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Flowers, homemade signs by high court in Ruth Bader Ginsburg tribute

  • Video courtesy Newsy

    Flags ordered to fly at half staff on all public grounds after Justice Ruth Bader Ginsburg dies at the age of 87.

  • ASSOCIATED PRESS
                                People gather at the Supreme Court on the morning after the death of Justice Ruth Bader Ginsburg, 87, one of the high court’s liberal justices, and a champion of gender equality, in Washington.

    ASSOCIATED PRESS

    People gather at the Supreme Court on the morning after the death of Justice Ruth Bader Ginsburg, 87, one of the high court’s liberal justices, and a champion of gender equality, in Washington.

  • ASSOCIATED PRESS
                                People gather at the Supreme Court in Washington, after the Supreme Court announced that Supreme Court Justice Ruth Bader Ginsburg died of metastatic pancreatic cancer at age 87.

    ASSOCIATED PRESS

    People gather at the Supreme Court in Washington, after the Supreme Court announced that Supreme Court Justice Ruth Bader Ginsburg died of metastatic pancreatic cancer at age 87.

WASHINGTON >> Mourners dropped off bouquets and gathered outside the Supreme Court early today in quiet tribute to the late Justice Ruth Bader Ginsburg. Homemade cardboard signs and a collection of flowers blanketed the court’s grounds.

Hours earlier, hundreds of people had turned out after hearing of Ginsburg’s death. They wept and sang in a candlelight vigil, packing the high court’s steps in a spontaneous memorial.

Scores of candles flickered in the nighttime wind as people knelt to leave flowers, American flags and handwritten condolence messages for Ginsburg, who died of metastatic pancreatic cancer at age 87 after 27 years on the court. Prayer candles with Ginsburg’s photo on them were also left on the steps.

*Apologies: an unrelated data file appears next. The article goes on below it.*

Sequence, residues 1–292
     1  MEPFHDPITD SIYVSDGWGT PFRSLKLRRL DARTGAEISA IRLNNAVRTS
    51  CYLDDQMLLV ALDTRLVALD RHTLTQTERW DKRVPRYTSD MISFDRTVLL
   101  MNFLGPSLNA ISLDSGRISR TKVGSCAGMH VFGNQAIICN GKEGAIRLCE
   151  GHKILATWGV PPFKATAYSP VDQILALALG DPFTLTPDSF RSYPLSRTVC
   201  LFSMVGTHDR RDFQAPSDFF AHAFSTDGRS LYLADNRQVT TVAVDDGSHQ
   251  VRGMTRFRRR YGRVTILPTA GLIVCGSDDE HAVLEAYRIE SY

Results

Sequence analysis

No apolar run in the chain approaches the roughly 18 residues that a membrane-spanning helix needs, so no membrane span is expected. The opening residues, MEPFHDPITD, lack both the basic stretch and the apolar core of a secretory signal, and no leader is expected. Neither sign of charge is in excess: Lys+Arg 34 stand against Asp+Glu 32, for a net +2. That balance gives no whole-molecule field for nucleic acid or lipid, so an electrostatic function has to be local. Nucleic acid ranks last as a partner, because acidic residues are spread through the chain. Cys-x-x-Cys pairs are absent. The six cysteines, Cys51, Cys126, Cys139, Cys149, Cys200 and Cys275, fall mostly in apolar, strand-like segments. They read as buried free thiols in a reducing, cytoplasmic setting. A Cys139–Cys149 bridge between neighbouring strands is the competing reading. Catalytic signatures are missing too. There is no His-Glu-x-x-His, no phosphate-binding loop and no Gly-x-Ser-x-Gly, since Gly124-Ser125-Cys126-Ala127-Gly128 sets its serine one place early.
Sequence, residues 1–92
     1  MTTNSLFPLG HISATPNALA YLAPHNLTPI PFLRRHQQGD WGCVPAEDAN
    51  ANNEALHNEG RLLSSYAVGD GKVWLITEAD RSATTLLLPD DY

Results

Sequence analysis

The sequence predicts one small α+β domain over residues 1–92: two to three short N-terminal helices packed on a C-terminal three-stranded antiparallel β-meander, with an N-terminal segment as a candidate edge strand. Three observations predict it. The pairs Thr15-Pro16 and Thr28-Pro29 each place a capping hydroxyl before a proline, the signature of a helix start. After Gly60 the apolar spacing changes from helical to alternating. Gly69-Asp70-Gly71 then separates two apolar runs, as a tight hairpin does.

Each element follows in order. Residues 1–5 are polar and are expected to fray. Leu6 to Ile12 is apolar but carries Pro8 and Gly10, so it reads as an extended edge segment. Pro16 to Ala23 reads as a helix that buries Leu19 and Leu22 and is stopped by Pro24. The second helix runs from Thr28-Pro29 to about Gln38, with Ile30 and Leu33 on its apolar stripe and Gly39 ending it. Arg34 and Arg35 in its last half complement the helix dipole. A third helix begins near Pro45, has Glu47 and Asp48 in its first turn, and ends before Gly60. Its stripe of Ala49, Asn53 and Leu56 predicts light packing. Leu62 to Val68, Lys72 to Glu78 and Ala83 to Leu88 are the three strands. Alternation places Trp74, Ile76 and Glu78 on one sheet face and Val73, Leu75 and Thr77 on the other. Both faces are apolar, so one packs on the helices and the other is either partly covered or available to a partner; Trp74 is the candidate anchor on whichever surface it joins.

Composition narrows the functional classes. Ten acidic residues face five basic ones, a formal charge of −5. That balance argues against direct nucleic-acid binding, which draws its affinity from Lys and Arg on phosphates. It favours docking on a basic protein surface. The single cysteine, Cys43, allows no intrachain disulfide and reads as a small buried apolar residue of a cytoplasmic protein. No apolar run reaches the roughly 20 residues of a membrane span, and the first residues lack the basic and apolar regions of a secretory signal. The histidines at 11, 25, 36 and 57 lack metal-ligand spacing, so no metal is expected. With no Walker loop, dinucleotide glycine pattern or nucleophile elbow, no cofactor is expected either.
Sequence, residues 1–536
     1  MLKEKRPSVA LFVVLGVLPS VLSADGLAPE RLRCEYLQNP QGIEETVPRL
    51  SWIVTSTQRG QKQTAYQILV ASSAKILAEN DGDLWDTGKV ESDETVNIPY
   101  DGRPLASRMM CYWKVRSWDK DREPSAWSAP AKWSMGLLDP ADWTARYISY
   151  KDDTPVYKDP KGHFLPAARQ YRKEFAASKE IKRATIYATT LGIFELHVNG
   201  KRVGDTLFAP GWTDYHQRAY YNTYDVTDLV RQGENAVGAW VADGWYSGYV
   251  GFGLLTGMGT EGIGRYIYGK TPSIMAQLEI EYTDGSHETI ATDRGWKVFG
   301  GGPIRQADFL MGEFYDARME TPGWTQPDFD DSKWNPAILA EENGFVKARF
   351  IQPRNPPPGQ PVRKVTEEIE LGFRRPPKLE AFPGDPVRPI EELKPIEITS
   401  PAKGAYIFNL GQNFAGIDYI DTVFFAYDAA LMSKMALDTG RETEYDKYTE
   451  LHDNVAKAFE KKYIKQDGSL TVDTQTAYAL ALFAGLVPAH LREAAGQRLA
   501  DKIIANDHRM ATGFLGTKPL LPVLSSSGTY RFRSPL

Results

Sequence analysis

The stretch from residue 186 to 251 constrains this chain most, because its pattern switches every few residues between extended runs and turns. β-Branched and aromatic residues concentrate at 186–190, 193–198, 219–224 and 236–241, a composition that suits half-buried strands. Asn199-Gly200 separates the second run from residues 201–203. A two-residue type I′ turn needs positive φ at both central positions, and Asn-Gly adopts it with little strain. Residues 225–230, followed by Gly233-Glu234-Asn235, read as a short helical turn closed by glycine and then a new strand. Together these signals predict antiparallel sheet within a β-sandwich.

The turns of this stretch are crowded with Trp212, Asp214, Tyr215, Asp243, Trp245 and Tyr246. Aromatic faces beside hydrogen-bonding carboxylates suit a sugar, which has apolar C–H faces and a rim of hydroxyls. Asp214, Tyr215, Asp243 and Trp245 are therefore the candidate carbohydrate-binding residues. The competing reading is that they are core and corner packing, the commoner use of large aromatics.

>> PHOTOS: Tributes pour in for Supreme Court Justice Ruth Bader Ginsburg

Several times, dozens in the crowd broke out into song, singing “Amazing Grace” and “This Land is Your Land” as others embraced one another and wiped tears from their eyes. At one point, the crowd broke into thunderous applause — lasting for about a minute — for Ginsburg.

“Thank you RBG,” one sign read. On the sidewalk, “RBG” was drawn inside a pink chalk heart.

Jennifer Berger, 37, said she felt compelled to join the large crowd that gathered to pay tribute to Ginsburg’s life.

“I think it is important for us to recognize such a trailblazer,” she said. “It is amazing to see how many people are feeling this loss tonight and saying goodbye.”

Ginsburg spent her final years on the bench as the unquestioned leader of the court’s liberal wing and became something of a rock star to her admirers. Young women especially seemed to embrace the court’s Jewish grandmother, affectionately calling her the Notorious RBG, for her defense of the rights of women and minorities.

The memorial service remained mostly peaceful and somber, but turned tense for several minutes after a man with a megaphone approached people in the crowd and began to chant that “Roe v. Wade is dead,” a refence to the landmark Supreme Court ruling establishing abortion rights nationwide.

A large group confronted the man, leading to a brief shouting match. Many in the crowd began yelling “RBG” to try to drown out the man’s voice as he continued to say Republicans would push to quickly appoint a conservative justice to the court. Supreme Court police officers stood alongside the crowd and the man eventually left the area.

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